Be a boy scout
The “Be Prepared” motto has been used by the boy scouts for over 100 years. Being prepared means being in a state of readiness to do your duty; it’s about making the necessary preparations to handle situations that will or could occur.

As a presenter you need to be prepared to deal with a variety of situations that can throw you off or cause the audience to disengage from your presentation. This can dilute the message you are trying to get across. I’d like to share some of my experiences about what can go wrong, and how to be better prepared.

Technical problems

If you are presenting at a conference, make sure you check in with the AV technician before the presentation (or if you are hosting a speaker make sure the presenter checks in with the technician). You want to make sure the videos work and that there is good sound quality on the room’s AV system.  And have your presentation on a memory stick in your pocket.  I presented at a conference this week; my presentation was supposed to be uploaded on to the laptop in the room, it wasn’t.  No problem, I had my memory stick.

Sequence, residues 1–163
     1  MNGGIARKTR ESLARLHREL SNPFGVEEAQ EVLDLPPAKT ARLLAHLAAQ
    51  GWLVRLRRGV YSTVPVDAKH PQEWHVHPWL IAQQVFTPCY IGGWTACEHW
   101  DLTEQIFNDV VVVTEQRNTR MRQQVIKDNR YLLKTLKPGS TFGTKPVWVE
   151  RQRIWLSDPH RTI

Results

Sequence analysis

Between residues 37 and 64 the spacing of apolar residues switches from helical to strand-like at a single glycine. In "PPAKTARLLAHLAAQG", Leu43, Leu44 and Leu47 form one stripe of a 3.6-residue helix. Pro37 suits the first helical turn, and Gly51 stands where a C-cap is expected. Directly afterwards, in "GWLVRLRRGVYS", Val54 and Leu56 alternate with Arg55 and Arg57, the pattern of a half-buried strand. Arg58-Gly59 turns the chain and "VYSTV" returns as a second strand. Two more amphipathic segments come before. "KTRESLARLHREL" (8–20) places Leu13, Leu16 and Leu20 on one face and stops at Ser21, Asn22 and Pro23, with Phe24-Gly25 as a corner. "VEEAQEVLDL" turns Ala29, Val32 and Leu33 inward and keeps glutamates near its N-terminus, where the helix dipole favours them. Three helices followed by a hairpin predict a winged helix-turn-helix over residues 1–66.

Projector problems

Sometimes projectors fail or don’t want to sync with your laptop.  If you can, bring a projector with you as a backup. If this isn’t possible, bring a paper copy of your slides to use as notes in case you have to go into “speech” mode.  If you are well rehearsed, going into “speech” mode will be less challenging.

Travel problems

One day this week I arrived in Calgary at 2 am (5 am on my body clock) with no luggage. I had to present twice the next day.  As tired as I was, the sessions went well because the presentation was prepared in advance and I had rehearsed a number of times.  Also, the potential for situations like this (no luggage) is the reason I dress in “business casual” when I travel.

Venue configuration challenges

Large rooms and small audiences make audience engagement difficult.  One of my presentations this week was at 7:15 am. I didn’t expect a big turnout – the early timeslot, plus the conference pub crawl was the night before – but the room was huge.  At the beginning of the talk, I had everyone move to one side of the room and I only used one of the two big projection screens. I also didn’t use the podium on the stage; I got down and stood in front of the audience. Doing these things helped make it a more intimate, engaging presentation.

Be prepared! As they say “If it can go wrong it will”!!  Do you have any tips to deal with or avoid these types of situations?

Joe Pops

Refuse to be boring

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